They may not have the star power of French impressionists such as Claude Monet, August Renoir and Camille Pissarro.

These are the Pennsylvania impressionists, and if you haven't heard of Carroll Sargent Tyson, Constance Cochrane and Edward Willis Redfield, you're in for an eye-opening experience at the Susquehanna Art Museum (SAM) in Harrisburg.

It's no wonder the new exhibit at SAM is called "New Light: The Pennsylvania Impressionists." Vibrant, lushly luminious paintings filled with soft cool light, warm sun-kissed light, dramatic sunsets and ominous stormy vistas, were mostly done right here in Pennsylvania by artists from Bucks County and the Delaware River Valley.

The exhibit of several dozens works of art are on loan from the Woodmere Art Museum in Chestnut Hill, just outside of Philadelphia. It's the same general area where many of the Pennsylvania artists grew up or settled as immigrants.

"At the turn of the 20th century, Philadelphia-area artists were developing a stylistic approach to painting that retained a uniquely American viewpoint," says Lauren Nye, who curated the exhibition for SAM.

As Nye points out, the artists of the Delaware River Valley were inspired by the landscapes with the rivers, woods, meadows and farmlands. They rejected the traditional painting styles that came before them. Instead, they depicted their environment using brilliant color palettes and swift brush strokes.

"They did not intend to redefine the popular European Impressionist movement, but rather made a conscious decision to build upon Impressionism from an American perspective. Their inspiration was found in the rugged Pennsylvania landscape," says Nye, adding that they often worked directly from nature en plein air.

Among the Pennsylvania impressionists were Daniel Garber, Edward Willis Redfield, Walter Schofield, Carroll Sargent Tyson, Constance Cochrane, Martha Walter and Fern Isabel Coppedge.

New Hope artist Edward Willis Redfield, who lived from 1869 to 1965, was known for his vigor and individualism. He insisted on working outdoors even in the most brutal weather. Tying his canvas to a tree, Redfield would paint rapidly, in thick, broad brush strokes, without any attempt to do preliminary sketches. In "Late Afternoon" from 1925, Redfield looks down on a snowy river valley with an eye to the majesty of a Pennsylvania landscape.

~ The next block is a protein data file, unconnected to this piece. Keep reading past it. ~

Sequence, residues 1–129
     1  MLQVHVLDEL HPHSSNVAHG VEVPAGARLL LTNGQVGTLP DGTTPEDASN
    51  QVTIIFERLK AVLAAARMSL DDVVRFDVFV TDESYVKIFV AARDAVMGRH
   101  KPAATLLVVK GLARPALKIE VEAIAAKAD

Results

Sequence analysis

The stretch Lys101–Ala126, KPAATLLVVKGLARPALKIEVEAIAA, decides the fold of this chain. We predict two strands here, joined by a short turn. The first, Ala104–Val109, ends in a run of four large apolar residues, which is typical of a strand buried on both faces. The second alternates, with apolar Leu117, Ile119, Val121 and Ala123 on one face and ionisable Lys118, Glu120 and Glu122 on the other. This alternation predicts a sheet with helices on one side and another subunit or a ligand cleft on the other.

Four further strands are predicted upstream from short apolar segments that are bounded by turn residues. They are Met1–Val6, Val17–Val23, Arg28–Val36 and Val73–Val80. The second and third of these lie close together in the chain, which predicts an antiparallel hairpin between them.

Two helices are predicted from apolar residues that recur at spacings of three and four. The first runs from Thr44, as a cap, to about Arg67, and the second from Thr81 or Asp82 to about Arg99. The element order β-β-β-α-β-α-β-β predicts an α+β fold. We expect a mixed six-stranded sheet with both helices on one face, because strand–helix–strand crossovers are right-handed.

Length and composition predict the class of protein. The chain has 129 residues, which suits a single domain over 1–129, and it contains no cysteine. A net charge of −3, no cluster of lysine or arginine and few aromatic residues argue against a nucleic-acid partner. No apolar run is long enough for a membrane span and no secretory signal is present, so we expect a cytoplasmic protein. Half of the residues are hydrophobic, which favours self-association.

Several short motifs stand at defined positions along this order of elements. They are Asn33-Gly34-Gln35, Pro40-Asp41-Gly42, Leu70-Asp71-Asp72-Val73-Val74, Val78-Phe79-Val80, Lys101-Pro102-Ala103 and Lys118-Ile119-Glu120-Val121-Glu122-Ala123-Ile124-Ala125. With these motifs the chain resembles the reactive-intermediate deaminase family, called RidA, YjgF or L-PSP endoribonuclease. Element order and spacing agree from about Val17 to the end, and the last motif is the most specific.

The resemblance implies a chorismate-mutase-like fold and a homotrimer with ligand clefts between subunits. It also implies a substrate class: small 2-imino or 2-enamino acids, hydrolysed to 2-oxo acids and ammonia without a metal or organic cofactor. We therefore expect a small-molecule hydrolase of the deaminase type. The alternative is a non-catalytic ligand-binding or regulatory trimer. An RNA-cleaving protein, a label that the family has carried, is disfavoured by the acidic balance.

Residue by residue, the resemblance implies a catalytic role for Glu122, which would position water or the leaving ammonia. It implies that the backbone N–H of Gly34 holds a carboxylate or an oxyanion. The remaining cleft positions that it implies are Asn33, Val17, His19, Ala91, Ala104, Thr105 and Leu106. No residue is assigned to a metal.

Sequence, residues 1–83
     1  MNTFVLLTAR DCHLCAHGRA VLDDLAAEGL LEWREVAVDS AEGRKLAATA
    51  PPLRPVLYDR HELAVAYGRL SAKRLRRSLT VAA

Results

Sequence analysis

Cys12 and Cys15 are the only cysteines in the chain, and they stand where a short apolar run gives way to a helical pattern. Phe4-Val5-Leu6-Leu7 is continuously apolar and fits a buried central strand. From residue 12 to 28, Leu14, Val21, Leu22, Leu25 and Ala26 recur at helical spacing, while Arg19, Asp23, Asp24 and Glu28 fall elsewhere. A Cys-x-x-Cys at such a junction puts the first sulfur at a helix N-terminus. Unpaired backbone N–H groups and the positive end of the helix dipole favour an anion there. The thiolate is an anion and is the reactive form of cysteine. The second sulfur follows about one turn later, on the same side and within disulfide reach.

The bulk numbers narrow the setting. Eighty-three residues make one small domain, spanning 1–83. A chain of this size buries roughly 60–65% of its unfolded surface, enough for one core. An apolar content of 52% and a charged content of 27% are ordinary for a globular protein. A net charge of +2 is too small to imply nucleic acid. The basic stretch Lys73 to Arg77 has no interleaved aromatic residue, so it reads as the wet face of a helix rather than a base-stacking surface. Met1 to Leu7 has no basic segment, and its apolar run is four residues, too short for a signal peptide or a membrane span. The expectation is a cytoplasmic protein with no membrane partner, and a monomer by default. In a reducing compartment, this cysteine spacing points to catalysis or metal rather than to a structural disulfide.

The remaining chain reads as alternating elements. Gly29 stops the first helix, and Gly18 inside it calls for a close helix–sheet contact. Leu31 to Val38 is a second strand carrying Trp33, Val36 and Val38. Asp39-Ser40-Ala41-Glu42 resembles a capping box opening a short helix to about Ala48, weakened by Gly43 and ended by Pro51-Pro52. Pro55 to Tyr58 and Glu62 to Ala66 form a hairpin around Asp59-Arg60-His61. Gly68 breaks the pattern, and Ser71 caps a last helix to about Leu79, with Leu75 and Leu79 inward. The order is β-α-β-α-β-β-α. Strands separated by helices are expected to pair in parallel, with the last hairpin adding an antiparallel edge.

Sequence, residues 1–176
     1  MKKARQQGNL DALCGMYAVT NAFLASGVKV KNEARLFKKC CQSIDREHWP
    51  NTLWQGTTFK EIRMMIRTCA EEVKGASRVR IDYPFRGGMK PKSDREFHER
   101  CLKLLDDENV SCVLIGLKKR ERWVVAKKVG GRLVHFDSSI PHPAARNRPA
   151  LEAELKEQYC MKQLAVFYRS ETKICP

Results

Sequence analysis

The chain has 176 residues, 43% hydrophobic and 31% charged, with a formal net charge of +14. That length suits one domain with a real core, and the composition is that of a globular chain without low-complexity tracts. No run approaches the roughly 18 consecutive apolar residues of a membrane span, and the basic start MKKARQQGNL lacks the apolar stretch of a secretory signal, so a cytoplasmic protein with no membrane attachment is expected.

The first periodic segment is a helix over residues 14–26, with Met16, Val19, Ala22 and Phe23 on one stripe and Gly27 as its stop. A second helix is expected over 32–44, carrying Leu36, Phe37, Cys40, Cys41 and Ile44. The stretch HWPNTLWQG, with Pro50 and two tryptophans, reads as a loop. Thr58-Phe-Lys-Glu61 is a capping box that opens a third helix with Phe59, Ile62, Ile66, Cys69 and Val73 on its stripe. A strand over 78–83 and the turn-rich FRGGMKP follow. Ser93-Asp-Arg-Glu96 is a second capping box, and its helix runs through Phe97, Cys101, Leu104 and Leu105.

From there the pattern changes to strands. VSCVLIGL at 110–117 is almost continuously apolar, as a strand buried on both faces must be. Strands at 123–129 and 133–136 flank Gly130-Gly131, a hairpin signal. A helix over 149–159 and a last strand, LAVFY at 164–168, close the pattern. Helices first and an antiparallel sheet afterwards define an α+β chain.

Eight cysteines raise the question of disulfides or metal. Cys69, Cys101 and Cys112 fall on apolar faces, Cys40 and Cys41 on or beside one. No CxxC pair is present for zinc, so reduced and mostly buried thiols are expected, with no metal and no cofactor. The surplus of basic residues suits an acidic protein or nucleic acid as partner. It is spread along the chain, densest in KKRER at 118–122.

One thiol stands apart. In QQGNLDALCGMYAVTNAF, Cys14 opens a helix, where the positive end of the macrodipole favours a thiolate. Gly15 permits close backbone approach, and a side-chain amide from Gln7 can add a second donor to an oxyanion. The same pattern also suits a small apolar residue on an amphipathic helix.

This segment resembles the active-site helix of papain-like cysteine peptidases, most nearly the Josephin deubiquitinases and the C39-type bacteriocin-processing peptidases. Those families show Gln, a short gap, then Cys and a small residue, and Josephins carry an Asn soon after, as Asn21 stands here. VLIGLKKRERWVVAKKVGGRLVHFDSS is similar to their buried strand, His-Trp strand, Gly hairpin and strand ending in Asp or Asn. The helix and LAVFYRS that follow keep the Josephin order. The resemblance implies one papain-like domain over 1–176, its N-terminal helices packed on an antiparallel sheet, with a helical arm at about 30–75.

In Carroll Sargent Tyson Jr.'s "Mouth of the Somes Sound," the artist takes us to the coast of Maine near Acadia National Park. A cousin of artist John Singer Sargent, Tyson was born in Philadelphia in 1877 and died there in 1956. He studied at the Philadelphia's Pennsylvania Academy of Fine Arts, then to Munich to study at the Royal Academy. His family had spent summers at Mt. Desert Island in Maine, which inspired many of his paintings. In 1944, the National Academy of Design awarded him the Carnegie Prize for the most meritorious painting by an American for his painting of Somes Sound, with its cloud-tossed sky, shimmery waters and tree-lined coast in a refreshing palette of blues and greens.

The Pennsylvania impressionists were not just men, as Constance Cochrane so ably proved. The Florida-born artist spent much of her life (1888-1952) in Philadelphia and at Monhegan Island in Maine. She came from a Navy family and the sea enchanted her. She studied at the Philadelphia School of Design for Women, and became part of the Philadelphia Ten, with other female artists such a Lucille Howard and Isabel Bransen Cartwright. Her "Drama of the Fall" painting shows the instantly recognizable Maine coast with its rocky shoreline, deep blue ocean and fiery fall colors, using powerful, bold brushstrokes that evoke the setting.

"This collection of works represent a fascinating and vibrant part of art history that took place right here in Pennsylvania," says Nye. "These paintings represent a survey of stylistic approaches to painting being explored by artists who worked directly in nature."

As Bill Valerio, Director of the Woodmere Art Museum, noted, Woodmere's galleries offer unique opportunities to understand Pennsylvania Impressionism as it relates to 19th-century American landscape painting and to the work of important Philadelphia painters who were connected to the Hudson River movement.

"We are honored that the Susquehanna Art Museum will be shining a new light on these great cultural treasures of Pennsylvania," says Valerio.

"New Light: The Pennsylvania Impressionists"

Highlights from the Woodmere Art Museum Collection

Susquehanna Art Museum (SAM)

1401 N. Third Street, Harrisburg

Now through May 22

Hours: Tues-Sat. 10 a.m.-5 p.m., Sun. 12 noon - 5 p.m.

Admission: $8 adults; $5 seniors, military and educators; free for children under 12

(717) 233-8668.

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